Switzerland remains high atop the list of preferred tax havens due to its low taxation of foreign corporations and individuals. Although Switzerland is no longer a place to “hide” money due to pressure from the United States and the European Union (EU), it still offers the wealthy some benefits for living and keeping their money there. Recent studies show that as much as $2.5 trillion in wealth is held within Switzerland’s borders.

Taxation: The Big Draw

Contrary to popular opinion, Switzerland does not allow foreign individuals to live and bank in its borders tax free. However, wealthy individuals can pay a low, lump-sum option on the money they bank inside the country, and the government considers their taxes paid. To simplify matters, the government bases the amount of tax foreigners owe on five times their monthly rent. The country also taxes households, rather than individuals, and this simplifies, and sometimes lowers, taxation for wealthy couples. For the wealthy, this level of low taxation is viewed as an unparalleled benefit of living in Switzerland. It is important to note that these tax benefits are not available to individuals who relocate to Switzerland for employment purposes.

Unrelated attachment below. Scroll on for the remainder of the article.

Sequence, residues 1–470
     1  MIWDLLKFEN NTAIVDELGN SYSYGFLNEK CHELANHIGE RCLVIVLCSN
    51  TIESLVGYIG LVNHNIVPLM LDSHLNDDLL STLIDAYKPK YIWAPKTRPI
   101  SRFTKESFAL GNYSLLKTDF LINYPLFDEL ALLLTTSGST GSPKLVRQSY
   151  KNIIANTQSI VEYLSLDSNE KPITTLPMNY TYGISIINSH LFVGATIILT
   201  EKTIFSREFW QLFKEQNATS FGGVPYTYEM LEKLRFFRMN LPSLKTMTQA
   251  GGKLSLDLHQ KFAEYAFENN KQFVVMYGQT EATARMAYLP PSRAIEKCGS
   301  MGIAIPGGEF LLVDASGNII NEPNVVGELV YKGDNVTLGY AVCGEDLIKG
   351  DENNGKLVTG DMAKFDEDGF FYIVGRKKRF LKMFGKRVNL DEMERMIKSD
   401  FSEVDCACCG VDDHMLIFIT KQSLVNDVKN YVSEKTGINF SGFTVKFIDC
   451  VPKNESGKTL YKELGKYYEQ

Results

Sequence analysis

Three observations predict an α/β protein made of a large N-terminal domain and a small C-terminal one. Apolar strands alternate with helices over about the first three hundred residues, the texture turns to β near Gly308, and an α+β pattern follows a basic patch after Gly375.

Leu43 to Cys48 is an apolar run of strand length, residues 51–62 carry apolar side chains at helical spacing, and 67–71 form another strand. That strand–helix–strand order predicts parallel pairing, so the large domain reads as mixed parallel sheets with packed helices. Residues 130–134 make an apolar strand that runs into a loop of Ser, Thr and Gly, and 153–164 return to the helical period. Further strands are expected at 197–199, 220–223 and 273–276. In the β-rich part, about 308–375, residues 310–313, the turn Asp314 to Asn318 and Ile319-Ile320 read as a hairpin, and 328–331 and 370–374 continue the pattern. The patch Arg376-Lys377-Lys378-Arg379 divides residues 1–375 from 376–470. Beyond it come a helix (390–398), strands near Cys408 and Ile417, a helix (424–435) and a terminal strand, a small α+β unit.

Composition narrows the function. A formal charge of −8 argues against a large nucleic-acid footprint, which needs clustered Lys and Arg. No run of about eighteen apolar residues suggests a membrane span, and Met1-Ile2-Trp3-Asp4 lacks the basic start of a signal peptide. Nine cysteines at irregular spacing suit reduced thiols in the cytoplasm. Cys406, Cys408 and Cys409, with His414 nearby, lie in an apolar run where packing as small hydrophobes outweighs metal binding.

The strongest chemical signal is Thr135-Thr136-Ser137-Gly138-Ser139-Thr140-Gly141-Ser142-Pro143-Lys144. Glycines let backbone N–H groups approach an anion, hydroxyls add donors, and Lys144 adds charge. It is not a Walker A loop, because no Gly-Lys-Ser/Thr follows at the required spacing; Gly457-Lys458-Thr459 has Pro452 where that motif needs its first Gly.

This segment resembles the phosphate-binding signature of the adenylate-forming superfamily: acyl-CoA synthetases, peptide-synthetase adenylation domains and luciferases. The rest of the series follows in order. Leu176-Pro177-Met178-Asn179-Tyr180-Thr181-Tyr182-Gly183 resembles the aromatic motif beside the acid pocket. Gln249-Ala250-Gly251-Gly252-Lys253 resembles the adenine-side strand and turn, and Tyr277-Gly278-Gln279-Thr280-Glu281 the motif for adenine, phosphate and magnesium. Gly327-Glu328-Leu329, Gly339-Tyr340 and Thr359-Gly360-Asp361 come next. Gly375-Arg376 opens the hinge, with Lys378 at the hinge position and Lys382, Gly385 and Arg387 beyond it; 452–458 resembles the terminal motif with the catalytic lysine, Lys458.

Foreign corporations have plenty of reasons to set up offices in Switzerland. Approximately 30% of Fortune 500 companies have operations in the country. The national government offers significant tax breaks to companies that hold 20% shares of other corporations. Specifically, the government reduces the amount of taxes a corporation owes on profit based on the number of shares it owns. In Switzerland, cantons are similar to states, and cantons levy no taxes on holding corporations. As such, shell corporations often set up operations in Switzerland to take advantage of low or no taxation.

Financial Privacy on Thin Ice

Swiss financial institutions have a deeply rooted history in holding the secrets of the wealthy, dating back to the French kings in the early 18th century. Further, Swiss banks held up under pressure from activist groups and nation-states to reveal the secrets of accounts created by members of the Nazi regime during World War II. However, in response to the global financial crisis of 2008, Swiss banks have caved to pressure from the United States and the European Union to reveal financial secrets of wealthy account holders. Switzerland is a signatory to the Foreign Account Tax Compliance Act, commonly known as FACTA, which obligates Swiss banks to reveal information about U.S. account holders or face penalties. The country signed a similar agreement with the European Union, effectively ending privacy for EU Swiss bank account holders. In spite of these radical changes, Switzerland maintains a fairly solid position on the Financial Secrecy Index, ranking 73 in 2015.

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